A Basic Guide To Drones: What You Should Know


DronesDrones are used by small children for fun and by industries for hundreds of commercial purposes while terrorists used to spy borders. The Drone and UAV technology is still young, if my imagination is not too much I believe drones will evolve similarly to cell phones. Before you begin with Drones, be sure to read up on the following points.

Is your security at risk?

Overall, while the Drone technology is advancing, the technology to arm against them is also developing fast. As much as scientists, media, farmers and rescue missions can use Drones to make the world a better place, the same technology can also be used to drop bombs by terrorists. Nowadays governments and high security entities have to use “Security netting “to help detect and prevent drones from entering the establishment. Even the technology of UAV (Unmanned Aerial Vehicles) is a revolutionized invention and at the same time a security risk.

Image taken from Merdeka-Online

There are systems that have been developed to listen to the unique sound signatures of a drone and can trigger an alert.

There are new companies forming up to protect the world from Drones. One example is DroneShield. DroneShield helps security forces to identify unauthorized drones using real-time alerts and digital evidence collection. An enterprise-grade sensor network with their patent-pending acoustic detection technology can sense drones that are invisible to radar or that lack radio-frequency links.

What are the safety with regard to Drones?

If stray birds have been known to cause commercial airplane misshape on some airport runaways, can you imagine what can happen when a drone hits a commercial aircraft on runaway while landing or take off? Thus far, no such clear rules have been developed in Sri Lanka or other countries about interfering with commercial planes and choppers while up on the air.

According to FAA (Federal Aviation Authority), more than 750 Aircraft pilots have reported seeing unmanned aircrafts as of December 2015, Compared to a total 238 such sightings for all of 2014.

Drones: A Threat to privacy?

Using Drones can pose serious threats to people’s privacy and civil rights. It can be used to infringe on people’s civil liberties and privacy.  Drones available in the market nowadays generate a sound while flying. The problem will arise when people invent super silent drones. At that point, our privacy is at its highest risk. So the technology is developing super-fast , but as users of such technology, we must always be responsible for what we are doing with it.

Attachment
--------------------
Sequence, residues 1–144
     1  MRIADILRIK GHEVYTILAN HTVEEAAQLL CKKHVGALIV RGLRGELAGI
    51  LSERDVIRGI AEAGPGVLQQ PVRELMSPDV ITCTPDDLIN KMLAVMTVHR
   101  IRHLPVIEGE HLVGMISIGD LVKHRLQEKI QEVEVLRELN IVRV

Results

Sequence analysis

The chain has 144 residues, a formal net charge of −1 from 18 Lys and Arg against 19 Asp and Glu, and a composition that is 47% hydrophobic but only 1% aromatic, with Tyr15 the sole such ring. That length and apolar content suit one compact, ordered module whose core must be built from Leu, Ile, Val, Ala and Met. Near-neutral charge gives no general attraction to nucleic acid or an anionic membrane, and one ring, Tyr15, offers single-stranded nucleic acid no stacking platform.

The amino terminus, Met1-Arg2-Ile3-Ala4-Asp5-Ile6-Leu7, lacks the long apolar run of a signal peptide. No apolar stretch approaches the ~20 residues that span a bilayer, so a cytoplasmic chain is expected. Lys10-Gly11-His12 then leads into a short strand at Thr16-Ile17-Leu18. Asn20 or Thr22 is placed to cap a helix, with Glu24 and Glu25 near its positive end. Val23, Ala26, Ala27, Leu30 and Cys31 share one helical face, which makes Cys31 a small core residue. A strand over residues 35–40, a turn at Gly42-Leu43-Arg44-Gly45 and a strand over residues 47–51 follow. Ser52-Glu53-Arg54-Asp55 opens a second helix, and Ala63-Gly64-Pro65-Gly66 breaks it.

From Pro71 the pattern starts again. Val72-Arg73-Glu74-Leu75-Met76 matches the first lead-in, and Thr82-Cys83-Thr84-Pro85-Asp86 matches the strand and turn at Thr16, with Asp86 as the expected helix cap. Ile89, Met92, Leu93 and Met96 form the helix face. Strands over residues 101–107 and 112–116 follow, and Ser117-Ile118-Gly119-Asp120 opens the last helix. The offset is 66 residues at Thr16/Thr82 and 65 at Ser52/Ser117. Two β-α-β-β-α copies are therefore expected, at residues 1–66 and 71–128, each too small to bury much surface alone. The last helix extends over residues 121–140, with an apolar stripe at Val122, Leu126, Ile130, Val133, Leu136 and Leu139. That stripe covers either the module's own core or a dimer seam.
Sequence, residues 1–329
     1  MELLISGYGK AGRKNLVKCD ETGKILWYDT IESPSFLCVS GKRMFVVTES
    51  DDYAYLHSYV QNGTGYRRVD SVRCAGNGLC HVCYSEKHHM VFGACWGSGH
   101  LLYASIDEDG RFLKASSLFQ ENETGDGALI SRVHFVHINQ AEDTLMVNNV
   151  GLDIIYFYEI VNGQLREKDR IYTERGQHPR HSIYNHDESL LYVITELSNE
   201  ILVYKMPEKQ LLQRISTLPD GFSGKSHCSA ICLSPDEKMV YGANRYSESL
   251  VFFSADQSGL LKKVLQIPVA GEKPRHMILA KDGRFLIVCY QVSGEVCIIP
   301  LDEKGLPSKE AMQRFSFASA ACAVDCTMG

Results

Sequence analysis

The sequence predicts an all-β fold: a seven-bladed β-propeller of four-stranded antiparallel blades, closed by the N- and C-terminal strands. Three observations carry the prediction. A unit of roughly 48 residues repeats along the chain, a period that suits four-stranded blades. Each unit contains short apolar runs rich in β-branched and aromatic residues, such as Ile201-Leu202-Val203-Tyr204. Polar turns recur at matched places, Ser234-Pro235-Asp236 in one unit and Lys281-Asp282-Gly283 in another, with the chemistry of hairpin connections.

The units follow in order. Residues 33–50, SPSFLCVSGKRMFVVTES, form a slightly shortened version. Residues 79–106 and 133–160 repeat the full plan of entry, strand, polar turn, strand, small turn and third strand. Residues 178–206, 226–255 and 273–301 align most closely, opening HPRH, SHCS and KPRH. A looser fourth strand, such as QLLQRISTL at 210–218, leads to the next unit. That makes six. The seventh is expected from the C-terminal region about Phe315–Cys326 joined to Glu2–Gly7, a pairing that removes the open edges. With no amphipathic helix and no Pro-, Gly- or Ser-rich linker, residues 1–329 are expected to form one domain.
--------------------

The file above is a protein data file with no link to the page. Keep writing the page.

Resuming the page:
DronesAs of late 2016, a majority of states had introduced legislation to protect individuals from drone related privacy invasion. Upon reading up on privacy and insurance, I discovered that most experts in the US noted that any damage caused by a drone falling on your house can be covered under slandered homeowner’s insurance policy and any damage to your car can be covered with your comprehensive car insurance in the United States. But in Sri Lanka I believe that the insurance companies have not yet even thought about this.

Rules and Regulations

The Civil Aviation Authority of Sri Lanka has been established a set of rules and regulations recently. While they want to improve and develop the technology in Sri Lanka they are more concerned about safety and security, Because CAA is the only government body which is responsible for pilotless aircraft operation in Sri Lanka.

You can find the 12 page complete rules and regulation guide from the CAA official web site. CAA has grouped pilotless aircrafts for 4 categories based on Mass.

Mass Category of Pilotless aircraft
25 kg or aboveA
Above 1 kg but below 25 kgB
Above 200 g but at or below 1 kgC
200 g or belowD

25KG or above (Category – A)

A Drone which weighs more than 25KG must be an Industrial drone, or a pilotless aircraft which is operated only for military operations. Industrial drones are rarely used in Sri Lanka and as per my understanding no professional service providers provide any kind of industrial drone service in Sri Lanka. To fly any kind of unmanned aerial vehicle more than 25KG you must obtain necessary approvals for flight and you must be a certified pilot.

CAA Defined Limitations on Operations

A pilotless aircraft of Category A shall not be operated unless: